By Georgine Wallace 

At night, the illuminated stained-glass windows of the new Riverside Baptist Church cast a soothing glow on the corner of 7th Street and Maine Avenue SW, providing a morsel of serenity to the busy intersection. The stained-glass windows may look familiar as they were transferred from the preceding structure. In fact, the entire building contains small tributes to special points in their history. The present structure opened in 2018.

According to Church Administrator Sarah Fairbrother, Riverside started its presence in Southwest in 1857 under the name of the Fifth Baptist Church. The church moved several times in its first century, in part to accommodate the size of its growing congregation. In 1957, as the church was celebrating its 100th anniversary, the property was purchased by the Redevelopment Land Agency via eminent domain. This was as shock as they and two other churches had been promised that their property would not be part of the project.  Using the funds from the sale of the property, they purchased the current lot at 699 Maine Avenue SW. During the construction of the building, they worshipped at a restaurant by the name of Hogates, an establishment known to long-time Southwesters.  The congregation changed its name to Riverside in 1969 to reflect their location.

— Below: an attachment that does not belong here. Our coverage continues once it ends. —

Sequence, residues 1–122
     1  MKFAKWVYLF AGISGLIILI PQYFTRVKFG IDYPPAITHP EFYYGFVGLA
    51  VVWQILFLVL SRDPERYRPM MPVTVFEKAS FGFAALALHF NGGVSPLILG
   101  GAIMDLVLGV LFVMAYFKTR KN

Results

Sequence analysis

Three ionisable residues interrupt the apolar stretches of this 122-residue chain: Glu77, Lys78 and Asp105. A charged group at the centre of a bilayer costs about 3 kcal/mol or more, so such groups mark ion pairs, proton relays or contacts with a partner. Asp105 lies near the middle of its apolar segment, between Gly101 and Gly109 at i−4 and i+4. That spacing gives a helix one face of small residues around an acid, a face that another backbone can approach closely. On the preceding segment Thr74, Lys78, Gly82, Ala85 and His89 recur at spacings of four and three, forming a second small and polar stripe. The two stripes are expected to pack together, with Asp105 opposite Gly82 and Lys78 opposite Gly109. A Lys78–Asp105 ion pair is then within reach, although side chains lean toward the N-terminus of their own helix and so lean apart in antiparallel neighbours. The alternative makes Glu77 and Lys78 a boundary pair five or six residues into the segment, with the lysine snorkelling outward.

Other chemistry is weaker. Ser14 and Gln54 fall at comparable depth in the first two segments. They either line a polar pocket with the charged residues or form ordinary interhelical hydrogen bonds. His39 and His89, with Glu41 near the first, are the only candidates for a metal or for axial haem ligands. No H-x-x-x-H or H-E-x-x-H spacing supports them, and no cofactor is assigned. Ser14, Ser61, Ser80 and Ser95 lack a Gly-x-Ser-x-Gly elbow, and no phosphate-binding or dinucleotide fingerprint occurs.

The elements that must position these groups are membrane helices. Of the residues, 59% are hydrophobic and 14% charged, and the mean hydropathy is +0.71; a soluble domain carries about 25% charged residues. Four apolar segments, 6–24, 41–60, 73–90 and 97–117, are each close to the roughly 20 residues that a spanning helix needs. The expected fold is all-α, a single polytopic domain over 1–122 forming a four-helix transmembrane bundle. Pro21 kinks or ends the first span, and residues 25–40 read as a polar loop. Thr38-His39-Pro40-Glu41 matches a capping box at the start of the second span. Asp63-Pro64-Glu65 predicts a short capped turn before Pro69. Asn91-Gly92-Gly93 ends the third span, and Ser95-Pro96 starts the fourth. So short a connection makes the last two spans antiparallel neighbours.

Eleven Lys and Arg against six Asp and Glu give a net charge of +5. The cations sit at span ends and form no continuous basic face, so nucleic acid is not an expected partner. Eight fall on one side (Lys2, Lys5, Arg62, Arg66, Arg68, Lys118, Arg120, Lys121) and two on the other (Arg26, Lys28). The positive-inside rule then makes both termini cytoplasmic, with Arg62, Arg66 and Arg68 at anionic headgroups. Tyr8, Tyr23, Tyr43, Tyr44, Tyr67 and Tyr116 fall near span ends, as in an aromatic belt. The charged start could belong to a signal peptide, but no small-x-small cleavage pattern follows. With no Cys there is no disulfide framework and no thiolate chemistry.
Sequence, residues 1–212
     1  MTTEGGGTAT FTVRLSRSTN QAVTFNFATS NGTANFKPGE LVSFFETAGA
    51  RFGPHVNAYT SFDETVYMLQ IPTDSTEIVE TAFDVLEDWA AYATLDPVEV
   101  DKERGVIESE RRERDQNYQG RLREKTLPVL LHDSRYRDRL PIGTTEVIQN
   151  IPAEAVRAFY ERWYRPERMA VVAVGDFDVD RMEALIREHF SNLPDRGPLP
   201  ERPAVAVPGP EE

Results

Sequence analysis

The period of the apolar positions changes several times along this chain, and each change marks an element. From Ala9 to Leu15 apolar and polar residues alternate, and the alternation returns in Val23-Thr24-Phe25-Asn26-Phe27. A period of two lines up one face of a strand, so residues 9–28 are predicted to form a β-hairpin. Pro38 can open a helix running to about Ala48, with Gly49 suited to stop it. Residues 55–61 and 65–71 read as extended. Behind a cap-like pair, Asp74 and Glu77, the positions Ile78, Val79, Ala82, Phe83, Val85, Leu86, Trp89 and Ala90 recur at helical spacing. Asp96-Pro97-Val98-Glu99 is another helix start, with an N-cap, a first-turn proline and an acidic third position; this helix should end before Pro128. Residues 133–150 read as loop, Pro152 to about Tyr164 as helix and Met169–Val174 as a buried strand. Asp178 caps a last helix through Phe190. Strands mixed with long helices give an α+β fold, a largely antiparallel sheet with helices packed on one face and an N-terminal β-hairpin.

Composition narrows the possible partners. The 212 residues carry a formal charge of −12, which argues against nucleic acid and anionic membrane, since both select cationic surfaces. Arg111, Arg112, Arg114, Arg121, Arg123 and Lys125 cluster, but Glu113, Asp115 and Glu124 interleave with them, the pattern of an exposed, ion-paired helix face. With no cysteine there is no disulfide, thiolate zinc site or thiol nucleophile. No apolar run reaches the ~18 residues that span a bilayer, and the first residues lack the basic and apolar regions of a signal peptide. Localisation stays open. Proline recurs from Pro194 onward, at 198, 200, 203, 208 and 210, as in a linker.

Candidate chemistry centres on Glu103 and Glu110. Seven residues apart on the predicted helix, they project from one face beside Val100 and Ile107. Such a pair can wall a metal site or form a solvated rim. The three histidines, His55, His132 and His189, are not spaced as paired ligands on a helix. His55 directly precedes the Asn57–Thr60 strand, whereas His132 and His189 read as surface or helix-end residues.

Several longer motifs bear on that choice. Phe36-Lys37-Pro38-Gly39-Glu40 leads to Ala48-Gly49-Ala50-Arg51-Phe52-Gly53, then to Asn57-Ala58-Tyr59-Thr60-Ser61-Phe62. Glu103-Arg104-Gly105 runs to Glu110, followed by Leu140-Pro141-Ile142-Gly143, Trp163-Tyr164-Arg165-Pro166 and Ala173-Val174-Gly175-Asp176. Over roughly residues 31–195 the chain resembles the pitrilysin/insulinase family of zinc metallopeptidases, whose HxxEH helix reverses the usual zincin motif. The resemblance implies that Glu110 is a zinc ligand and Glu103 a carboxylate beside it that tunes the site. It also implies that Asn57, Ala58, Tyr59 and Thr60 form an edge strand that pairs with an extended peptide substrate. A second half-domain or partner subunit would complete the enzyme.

As the years progressed, Riverside’s congregation and values reflected the times. In the 1960’s, Riverside integrated its congregation. In 1992, Riverside opened its doors to members of the LGBTQ + community. They left the conservative Southern Baptist Convention and “reaffirmed its relationship” to the DC Baptist Convention the same year. 

Today, the church is without a pastor following the retirement of Reverend Dr. Michael Bledsoe and the reassignment of an interim pastor. They hope to call a new pastor this fall. In the interim, the deacons see to the care and spiritual feeding of the congregation by performing visitations and welcoming new members. The church trustees ensure the financial viability of the congregation. 

Cheryl Parham, the Chair of Deacons and Outreach and Missions Coordinator Jonathan J. Holley noted that they remain active in the community. For example, they helped Westminster Presbyterian Church on their Toys for Tots campaign last December.  The congregation is working together to plan a 165th anniversary celebration of Riverside and its place in Southwest’s history. 

The church sold part of its land during the last rebuild and created an endowment for the future care of the structure and the congregation. Part of this fund was used recently to award $30,000 in grants, divided among the following local and international organizations: SWNA Scholarship fund, Friends of SW, Open City Advocates, SOME, The Wanda Alston Foundation, the Poor People’s Campaign and Jitokeze Wamama Wafrika. Riverside also created a scholarship program and plans to announce their first winner later this summer. If you would like to join this dynamic group for Sunday services, they commence at 10:00 a.m. They also live-stream the proceedings. Communion is held on the first and second Sunday of the month. The church is open to community members who would like to hold a meeting or function in one of the church’s rooms. Email Sarah Fairbrother at rsbc@riversidedc.org for additional information.

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